In Malaysia as elsewhere, domestic tourism has filled the vacuum left by the absence of international tourists. This has tended to lower standards—and prices—and may, over time, contribute to the provincialisation of attitudes and tastes. Cultural isolationism is in danger of increasing in the post-Covid world.

But there is no shade without light, no loss without an advantage, no retreat without an advance. Likewise for tourism.

Much has already been suggested in recent decades on how tourism, to be sustainable, needs to avoid undermining the sustainability of the socio-economic and cultural integrity of its destinations. The suggested measures often argue for a change of attitude on the part of the tourist; bold innovations in the marketing methods of the industry; and cognizance of the traps a tourism destination should avoid falling into.

Penang Institute, through its major mouthpiece, Penang Monthly, very much wants to provide a platform for the discussion on how Penang, as a globally popular tourist destination, is to develop.

First, Penang should not consider itself a passive destination that allows the tourism industry to design, define and determine its being. This is where experiential tourism becomes interesting. Experiential tourism expounds departure from the sightseeing nature of 20th-century post-war mass travel, and instead encourages visitors to partake and participate in whatever it is they find interesting to travel long distances to experience. This sounds like a possibility for the state to explore, given how Penang is loved for its urban as well as ecological wealth, its history as well as its modernity, and its Asian cultures as well as its strong connections to the rest of the world.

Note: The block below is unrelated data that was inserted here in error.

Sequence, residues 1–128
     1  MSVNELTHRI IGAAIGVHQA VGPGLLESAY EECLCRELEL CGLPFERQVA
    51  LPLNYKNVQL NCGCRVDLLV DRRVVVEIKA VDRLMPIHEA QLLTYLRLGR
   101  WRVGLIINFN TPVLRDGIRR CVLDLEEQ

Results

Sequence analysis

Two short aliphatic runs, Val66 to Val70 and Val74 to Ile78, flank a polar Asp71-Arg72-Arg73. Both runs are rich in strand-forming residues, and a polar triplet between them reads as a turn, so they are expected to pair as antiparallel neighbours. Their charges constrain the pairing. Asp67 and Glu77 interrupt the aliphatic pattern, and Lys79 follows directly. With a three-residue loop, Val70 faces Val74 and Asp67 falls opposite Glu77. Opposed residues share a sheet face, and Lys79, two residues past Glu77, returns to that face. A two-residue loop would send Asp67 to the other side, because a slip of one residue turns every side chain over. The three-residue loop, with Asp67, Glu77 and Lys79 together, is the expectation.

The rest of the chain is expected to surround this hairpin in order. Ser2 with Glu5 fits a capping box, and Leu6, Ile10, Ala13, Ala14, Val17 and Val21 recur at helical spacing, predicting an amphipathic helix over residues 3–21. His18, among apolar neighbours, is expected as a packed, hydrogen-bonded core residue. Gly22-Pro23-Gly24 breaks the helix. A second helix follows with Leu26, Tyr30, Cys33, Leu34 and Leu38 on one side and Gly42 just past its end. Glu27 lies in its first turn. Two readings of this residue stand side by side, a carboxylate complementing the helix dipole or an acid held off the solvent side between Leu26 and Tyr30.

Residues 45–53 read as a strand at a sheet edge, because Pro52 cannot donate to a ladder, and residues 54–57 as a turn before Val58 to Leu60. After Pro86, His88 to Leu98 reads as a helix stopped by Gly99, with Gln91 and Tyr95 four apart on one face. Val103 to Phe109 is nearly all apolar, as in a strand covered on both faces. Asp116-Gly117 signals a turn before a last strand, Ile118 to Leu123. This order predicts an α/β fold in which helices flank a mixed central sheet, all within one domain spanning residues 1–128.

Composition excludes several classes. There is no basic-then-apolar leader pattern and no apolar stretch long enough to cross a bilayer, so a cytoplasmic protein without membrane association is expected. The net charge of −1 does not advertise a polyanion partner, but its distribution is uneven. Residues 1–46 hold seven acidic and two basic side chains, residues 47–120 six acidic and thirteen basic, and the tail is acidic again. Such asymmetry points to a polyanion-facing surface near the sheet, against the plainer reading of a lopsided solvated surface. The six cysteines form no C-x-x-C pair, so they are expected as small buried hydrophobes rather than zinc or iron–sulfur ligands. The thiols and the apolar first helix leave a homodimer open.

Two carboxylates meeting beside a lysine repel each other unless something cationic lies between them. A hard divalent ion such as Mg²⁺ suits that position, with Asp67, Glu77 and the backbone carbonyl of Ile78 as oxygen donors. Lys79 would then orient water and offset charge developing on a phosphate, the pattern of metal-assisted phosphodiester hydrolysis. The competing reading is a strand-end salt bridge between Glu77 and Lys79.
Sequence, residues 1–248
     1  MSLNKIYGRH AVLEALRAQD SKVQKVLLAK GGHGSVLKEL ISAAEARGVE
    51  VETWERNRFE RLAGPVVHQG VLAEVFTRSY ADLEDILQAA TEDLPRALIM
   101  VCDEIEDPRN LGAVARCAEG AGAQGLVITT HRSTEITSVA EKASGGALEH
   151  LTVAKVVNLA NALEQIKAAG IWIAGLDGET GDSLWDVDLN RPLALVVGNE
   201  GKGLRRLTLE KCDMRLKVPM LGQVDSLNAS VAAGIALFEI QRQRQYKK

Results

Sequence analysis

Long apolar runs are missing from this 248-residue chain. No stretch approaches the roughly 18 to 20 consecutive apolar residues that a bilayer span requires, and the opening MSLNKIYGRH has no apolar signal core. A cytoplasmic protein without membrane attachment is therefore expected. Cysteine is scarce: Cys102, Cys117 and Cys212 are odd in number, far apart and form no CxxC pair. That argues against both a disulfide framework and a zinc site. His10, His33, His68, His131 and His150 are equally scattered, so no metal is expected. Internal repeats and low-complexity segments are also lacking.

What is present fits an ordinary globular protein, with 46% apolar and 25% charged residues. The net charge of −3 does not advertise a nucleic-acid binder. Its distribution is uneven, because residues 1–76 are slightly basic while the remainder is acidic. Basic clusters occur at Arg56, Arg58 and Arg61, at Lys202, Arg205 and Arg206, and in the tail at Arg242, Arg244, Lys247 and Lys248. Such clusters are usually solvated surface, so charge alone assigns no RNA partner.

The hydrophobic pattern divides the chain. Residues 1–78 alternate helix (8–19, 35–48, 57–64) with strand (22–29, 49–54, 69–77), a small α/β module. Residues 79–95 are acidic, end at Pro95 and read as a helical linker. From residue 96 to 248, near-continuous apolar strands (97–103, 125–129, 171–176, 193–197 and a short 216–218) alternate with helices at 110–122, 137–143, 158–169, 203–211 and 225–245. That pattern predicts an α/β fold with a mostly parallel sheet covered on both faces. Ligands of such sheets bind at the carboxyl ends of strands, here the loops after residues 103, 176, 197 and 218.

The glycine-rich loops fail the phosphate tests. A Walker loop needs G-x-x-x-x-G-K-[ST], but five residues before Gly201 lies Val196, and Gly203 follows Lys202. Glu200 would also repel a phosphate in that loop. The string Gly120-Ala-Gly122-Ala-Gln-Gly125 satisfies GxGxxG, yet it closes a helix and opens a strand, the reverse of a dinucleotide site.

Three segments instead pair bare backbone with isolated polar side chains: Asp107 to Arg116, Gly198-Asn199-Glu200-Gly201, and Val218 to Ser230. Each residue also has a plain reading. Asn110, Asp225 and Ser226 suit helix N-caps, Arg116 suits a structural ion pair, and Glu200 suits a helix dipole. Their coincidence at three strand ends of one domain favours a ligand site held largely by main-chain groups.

Heritage tourism undeniably holds a lot of potential for such undertakings, as does ecotourism. In that sense, Penang is well placed to develop a sustainable experiential tourism industry for the 21st century.

Second, tourism in Penang should not be defined by the low-end tourist. Although Penang has always been welcoming of all groups of people, the mass influx of tourists needs to be managed, and as a whole, kept economically profitable and ecologically sustainable at the same time.

Third, industry players who can provide infrastructure and products beneficial to the local society’s economic wellbeing need to be encouraged to enhance the unique aesthetics of the destination itself. For this, inspired state planning and bold implementation are required.

Tourism will remain important to Penang; many livelihoods depend on it. Upgrading it for the future and making sure that it is sustainable will benefit many households hugely. For that reason, Penang Institute through Penang Monthly will continue to contribute to the discussion, as it now does with this issue.

Ooi Kee Beng

is the Executive Director of Penang Institute. His recent books include The Eurasian Core and its Edges: Dialogues with Wang Gungwu on the History of the World (ISEAS 2016). Homepage: wikibeng.com